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About Access Restrictions to Electronic Resources

Access and use of electronic resources made available by the Becker Medical Library are governed by license agreements between the School of Medicine and publishers or third parties. Several of the electronic resources carry some restriction on their use. Access may be restricted by user location, number of concurrent users, and/or password.

In short, most people experience access limitations based on the network to which their computer is connected. Below is a quick breakdown of what can be accessed from various networks.

BJH (Limited to) SLCH (Limited to) Proxy (Remote Access) WUSM Off Campus
AccessMedicine
STAT!Ref
UpToDate Online
AccessMedicine
American Academy of Pediatrics Journals
Applied Clinical Informatics
Harriet Lane Handbook
Red Book Online
ScienceDirect
STAT!Ref
UpToDate Online
Unrestricted Access to All Becker Resources Unrestricted Access to All Becker Resources No Access without Proxy

Scholarly Publishing Round-up January 2017

Read about the revised ICMJE recommendations for authors, the new NIH Research Commitment Index, 100 Metrics to Assess and Communicate the Value of Biomedical Research, and more.

Announcing Cross-Campus Access to Wiley E-Journals

Becker Medical Library and Washington University Libraries working together have successfully negotiated a license agreement with Wiley Publishing that, for the first time, allows university-wide access to all of the Wiley electronic journals subscribed to by either Becker Library or University Libraries. Students, faculty and staff on both the Danforth and Medical School campuses may now access a combined total of 490 Wiley e-journals, including archived e-journal backfiles. The joint agreement has not only expanded the resources available to both campuses but also saved money by allowing the elimination of 29 duplicate subscriptions.
Clover Ball guests in 1967

The Clover Ball: A 30-Year Tradition

"A fairyland with hundreds of pale pink blossoms and twinkling lights,” raved the St. Louis Globe-Democrat in January 1962, describing the transformation of the Hotel Chase’s Khorassan Room for the first Jewish Hospital Auxiliary Clover Ball.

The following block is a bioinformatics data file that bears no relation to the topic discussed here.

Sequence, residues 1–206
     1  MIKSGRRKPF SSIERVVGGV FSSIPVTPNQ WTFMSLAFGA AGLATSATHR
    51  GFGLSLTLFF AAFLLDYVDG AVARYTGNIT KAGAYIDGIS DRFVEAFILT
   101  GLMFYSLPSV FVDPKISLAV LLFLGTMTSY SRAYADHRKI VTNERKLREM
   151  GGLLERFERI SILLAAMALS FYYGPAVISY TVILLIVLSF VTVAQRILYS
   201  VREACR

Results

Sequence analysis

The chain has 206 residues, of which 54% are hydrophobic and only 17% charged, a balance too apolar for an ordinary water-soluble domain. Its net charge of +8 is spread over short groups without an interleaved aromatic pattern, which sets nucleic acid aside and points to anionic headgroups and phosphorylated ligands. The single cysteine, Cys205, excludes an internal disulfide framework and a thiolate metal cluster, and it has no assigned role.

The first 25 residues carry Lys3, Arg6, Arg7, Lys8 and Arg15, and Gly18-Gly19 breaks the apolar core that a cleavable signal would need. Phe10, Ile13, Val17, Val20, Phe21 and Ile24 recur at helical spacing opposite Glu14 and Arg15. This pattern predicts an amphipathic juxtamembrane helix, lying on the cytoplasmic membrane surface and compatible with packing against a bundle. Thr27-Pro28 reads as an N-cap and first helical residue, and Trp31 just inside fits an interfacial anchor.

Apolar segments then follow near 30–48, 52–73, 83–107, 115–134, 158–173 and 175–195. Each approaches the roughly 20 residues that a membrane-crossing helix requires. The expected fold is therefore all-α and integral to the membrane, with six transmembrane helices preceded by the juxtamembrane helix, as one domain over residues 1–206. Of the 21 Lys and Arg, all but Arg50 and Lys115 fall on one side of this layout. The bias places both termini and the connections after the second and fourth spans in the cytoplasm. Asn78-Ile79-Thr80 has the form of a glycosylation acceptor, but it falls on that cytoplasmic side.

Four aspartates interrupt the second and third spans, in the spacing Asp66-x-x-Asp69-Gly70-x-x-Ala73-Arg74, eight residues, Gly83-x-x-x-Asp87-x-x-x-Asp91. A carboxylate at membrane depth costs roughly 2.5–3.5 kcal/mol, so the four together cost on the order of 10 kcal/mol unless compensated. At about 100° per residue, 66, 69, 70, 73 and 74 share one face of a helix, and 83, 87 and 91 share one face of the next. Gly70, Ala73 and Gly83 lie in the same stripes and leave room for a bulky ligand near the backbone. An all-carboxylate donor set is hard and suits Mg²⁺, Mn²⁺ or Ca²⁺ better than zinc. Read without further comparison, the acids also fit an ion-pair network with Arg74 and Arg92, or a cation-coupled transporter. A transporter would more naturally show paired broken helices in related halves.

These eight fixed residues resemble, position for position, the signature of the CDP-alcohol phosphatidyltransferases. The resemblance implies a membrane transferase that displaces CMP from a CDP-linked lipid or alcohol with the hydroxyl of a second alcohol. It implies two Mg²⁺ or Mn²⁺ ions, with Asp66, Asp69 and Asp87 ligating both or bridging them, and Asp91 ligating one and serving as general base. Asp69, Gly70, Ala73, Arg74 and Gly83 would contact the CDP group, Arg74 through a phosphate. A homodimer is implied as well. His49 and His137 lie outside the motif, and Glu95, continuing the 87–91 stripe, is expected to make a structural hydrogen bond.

Genomics in Medicine - Spring 2017 seminars start tomorrow

Genomics in Medicine resumes for the Spring semester on Wednesday, January 18th. Check out becker.wustl.edu/GenomicMedicine for the up-to-date seminar schedule and speaker listing.
Console of the 109C at the Peking Institute of Computing Technology.

A Groundbreaking 1972 Learning Expedition to China

President Richard Nixon’s famous visit to China in February of 1972 symbolically formalized the normalization of relations between the United States and China. The two countries had been
Casserius image

Glaser Gallery Grand Opening and 56th Historia Medica Lecture

On February 16, 2017, from 4:30 to 6:30 pm, Bernard Becker Medical Library and the Center for History Of Medicine will present the 56th Historia Medica Lecture, “Books and Bodies: 500 Years of Printing Medical Texts,” followed by a grand opening reception in the newly renovated Glaser Gallery. The event is free and open to the public.

50x50 Missouri Poster Exhibition

Becker Medical Library will host a pop-up exhibit of "50x50: Recovering the Classics," a crowd-sourced collection of cover artwork of famous books that promotes interest in classical literature to a new generation. Twenty posters will be on display at the School of Medicine from January 6 through January 27,  2017 - in Becker Medical Library and in FLTC from January 6 through January 13, 2017. This 50 x 50 Missouri project was student-initiated and is supported by Washington University Libraries. Many of the works in the 50x50 Missouri project were created by Washington University students, faculty and local artists.

Happy and Healthy New Year

It’s that time of year again! As we merge into 2017, many Americans will start to think about new directions for the upcoming year.  New Year’s Resolutions are more well-known for their short lives rather than for their success. An oft-quoted study from 2002 found that only 8% of the study participants were successful in achieving their resolutions.1